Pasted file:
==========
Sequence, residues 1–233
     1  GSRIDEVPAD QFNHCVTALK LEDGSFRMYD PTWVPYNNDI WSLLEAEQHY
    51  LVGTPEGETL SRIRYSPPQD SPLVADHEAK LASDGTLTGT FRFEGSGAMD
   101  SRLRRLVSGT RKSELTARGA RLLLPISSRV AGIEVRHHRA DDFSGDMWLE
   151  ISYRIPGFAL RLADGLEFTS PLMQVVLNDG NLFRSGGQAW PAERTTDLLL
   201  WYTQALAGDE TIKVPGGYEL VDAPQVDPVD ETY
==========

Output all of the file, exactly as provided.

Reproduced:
Sequence, residues 1–233
     1  GSRIDEVPAD QFNHCVTALK LEDGSFRMYD PTWVPYNNDI WSLLEAEQHY
    51  LVGTPEGETL SRIRYSPPQD SPLVADHEAK LASDGTLTGT FRFEGSGAMD
   101  SRLRRLVSGT RKSELTARGA RLLLPISSRV AGIEVRHHRA DDFSGDMWLE
   151  ISYRIPGFAL RLADGLEFTS PLMQVVLNDG NLFRSGGQAW PAERTTDLLL
   201  WYTQALAGDE TIKVPGGYEL VDAPQVDPVD ETY